Scientists discuss the importance of building antiracist labs

Dr. Asmeret Asefaw Berhe works in her lab
Dr. Asmeret Asefaw Berhe, a professor of soil biogeochemistry at the University of California, Merced, investigates the effects of disturbances like erosion, fire and climate change on soil organic matter. (Asmeret Asefaw Berhe)

By Marisa Sloan
Medill Reports

Racial and ethnic diversity in the fields of science, technology, engineering and math (STEM) remains low, causing many academic leaders to seek guidance on how they can make their own labs more equitable and inclusive.

A new paper, published in the journal PLOS Computational Biology last month, provides just that.

Co-authors Dr. Asmeret Asefaw Berhe and Dr. Bala Chaudhary sat down to discuss their “ten simple rules for creating an antiracist lab” — rules that range from leading informed discussions about racism in the lab to supporting Black, Indigenous, and students of color in their efforts to organize mentorship networks — and why they are needed more than ever right now.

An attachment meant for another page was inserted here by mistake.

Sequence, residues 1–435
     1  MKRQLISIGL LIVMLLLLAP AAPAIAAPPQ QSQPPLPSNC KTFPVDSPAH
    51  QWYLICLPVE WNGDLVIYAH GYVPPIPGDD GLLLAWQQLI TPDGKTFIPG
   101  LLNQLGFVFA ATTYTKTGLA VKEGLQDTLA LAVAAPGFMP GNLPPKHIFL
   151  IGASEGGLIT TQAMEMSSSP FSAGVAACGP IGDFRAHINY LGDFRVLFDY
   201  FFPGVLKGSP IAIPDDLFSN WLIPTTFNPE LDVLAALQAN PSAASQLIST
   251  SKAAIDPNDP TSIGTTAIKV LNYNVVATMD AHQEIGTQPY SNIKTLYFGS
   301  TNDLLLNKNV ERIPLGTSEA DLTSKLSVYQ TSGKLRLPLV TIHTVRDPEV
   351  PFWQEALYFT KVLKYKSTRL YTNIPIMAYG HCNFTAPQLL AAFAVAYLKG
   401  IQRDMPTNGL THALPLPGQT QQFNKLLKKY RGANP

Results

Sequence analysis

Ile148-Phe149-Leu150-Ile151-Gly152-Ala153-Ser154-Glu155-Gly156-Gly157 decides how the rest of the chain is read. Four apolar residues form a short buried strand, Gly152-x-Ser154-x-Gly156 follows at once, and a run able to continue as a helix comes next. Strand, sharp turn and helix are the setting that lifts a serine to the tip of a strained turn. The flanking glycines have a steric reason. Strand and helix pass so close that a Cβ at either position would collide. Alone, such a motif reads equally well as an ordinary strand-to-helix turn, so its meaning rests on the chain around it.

A protest sound bite was used with the permission of Natalie Eilbert.

Marisa Sloan is a health, environment and science reporter at Medill. You can follow her on Twitter at @sloan_marisa.